Firstly, please allow me to say sorry to my unexpected update to one of my blog entry in the last weekend. This caused an very old blog entry re-posted to the planet again.
Because I am planning to start new round of posts in the community, so I do a little tweaking to the blog. I do a update to that blog entry in that several readers asked the status of my SEED project in its release-following period. Unfortunately I must say it has been dead for many reasons.
After the SEED project M0, I have done a more deep investigation and reflection to the current languages on JVM. Like Scala, Kotlin(Ceylon, althoug I've forgot it, but not including the Groovy and Xtend), the basic conclusion is that the complexity much outweights the advantages of the language after the advanced features coming right before your eyes. Some adopters likes to keep to use a subset of the language to keep a good taste. But, if we only limits us to a subset, why we choose this language?
For example, recently, our Xtender Sebastian addressed an exception checking codes in Xtend v.s. Java 8. His favorate Xtend codes like this:
import static extension Throwables.*
val uri = [| new URI(requestURI) ].onException [
This codes, IMHO, just uncovers one big problem(or fault) which is much popular in the current mainstreaming JVM languages: that is, "Symbol Hell".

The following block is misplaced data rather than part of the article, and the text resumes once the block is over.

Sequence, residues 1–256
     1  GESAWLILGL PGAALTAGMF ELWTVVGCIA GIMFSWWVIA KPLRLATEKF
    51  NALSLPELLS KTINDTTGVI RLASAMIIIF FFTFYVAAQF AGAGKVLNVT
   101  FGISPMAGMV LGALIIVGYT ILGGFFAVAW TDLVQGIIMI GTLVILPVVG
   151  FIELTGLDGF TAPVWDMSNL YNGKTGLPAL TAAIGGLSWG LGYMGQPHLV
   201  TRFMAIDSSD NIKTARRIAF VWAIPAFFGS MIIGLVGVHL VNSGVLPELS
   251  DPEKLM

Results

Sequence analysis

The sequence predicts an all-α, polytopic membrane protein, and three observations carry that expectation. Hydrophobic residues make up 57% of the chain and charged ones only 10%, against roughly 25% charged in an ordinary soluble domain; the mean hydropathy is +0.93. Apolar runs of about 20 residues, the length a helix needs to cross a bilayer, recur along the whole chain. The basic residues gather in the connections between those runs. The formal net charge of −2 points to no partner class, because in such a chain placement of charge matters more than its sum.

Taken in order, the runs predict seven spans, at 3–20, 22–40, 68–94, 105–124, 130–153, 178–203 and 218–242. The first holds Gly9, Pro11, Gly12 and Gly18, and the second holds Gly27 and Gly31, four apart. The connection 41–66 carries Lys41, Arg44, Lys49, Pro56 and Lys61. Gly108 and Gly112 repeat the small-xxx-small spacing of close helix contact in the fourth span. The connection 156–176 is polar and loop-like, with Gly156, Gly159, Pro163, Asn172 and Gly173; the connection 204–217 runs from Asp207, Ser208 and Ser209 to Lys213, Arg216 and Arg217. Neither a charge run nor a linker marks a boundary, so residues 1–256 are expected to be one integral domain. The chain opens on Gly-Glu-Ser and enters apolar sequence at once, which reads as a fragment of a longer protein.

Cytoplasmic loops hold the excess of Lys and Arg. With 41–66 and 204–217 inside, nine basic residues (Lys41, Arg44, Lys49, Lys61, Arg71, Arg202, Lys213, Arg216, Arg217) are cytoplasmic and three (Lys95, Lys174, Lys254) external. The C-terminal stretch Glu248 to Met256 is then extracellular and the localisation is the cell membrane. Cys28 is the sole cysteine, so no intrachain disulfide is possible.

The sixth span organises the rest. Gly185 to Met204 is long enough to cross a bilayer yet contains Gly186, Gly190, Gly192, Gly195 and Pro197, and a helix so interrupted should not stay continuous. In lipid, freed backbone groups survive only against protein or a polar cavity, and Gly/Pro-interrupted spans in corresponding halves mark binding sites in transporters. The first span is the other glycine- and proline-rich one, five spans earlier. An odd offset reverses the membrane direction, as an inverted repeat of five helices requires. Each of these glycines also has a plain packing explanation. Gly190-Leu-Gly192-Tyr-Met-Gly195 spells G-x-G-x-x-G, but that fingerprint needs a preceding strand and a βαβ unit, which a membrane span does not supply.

Who knows what " [| new URI(requestURI) ]" stands for when one man meets these codes firstly? In some language, the operator could be mostly arbitrarily customized(to encourage the flow controlling). The result is that, you would regularly sees the in “clever” coders 's DSL library or framework:
~[...] ... ^ ... -|| ... <- -="-" ...="..."> ...->
Are this codes happy to see by us?... I am afraid that, it is not the right direction that for the future of language...
Now, back to the topic of this post:)
Recently, IDEA 12 re-introduce a darkula theme, which makes our community a little nervous. The chronon boy posted one solution in the planet.
Recently, I start to migrate to the Eclipse 4.3 from old 3.8 platform. As I point out in my preious post , the biggest problem to Eclipse Juno is that, the UI is ugly. The color is not harmony with native platform. The default Sash separation is too large. The worst thing is that, we always hate the round-corner tab!
Not it is the time to eat our dog food!
In the weekend, I hack a simplest dark theme implemenation for the community: eclipse.themes.darker, which is based the style schema of eclipse-color-theme.
As you can see, the dark theme still has some not-dark elements in fact. Some of these is from the limitation of the SWT, like the button background color. But the css style engine still leaves the contribution space for us. After a little more work, I got this:
Yes, it is darker than that of the dark:)
The big fun is that, the codes are minimized by using Eclipse4 platform technologies like dependency injection. It proves that again, the concise codes and advanced features could be achieved by contributing or extending with the external form(like library, framework). New language is not necessary just for this kind of purpose.
"Java Is Dead, Long Live Java!"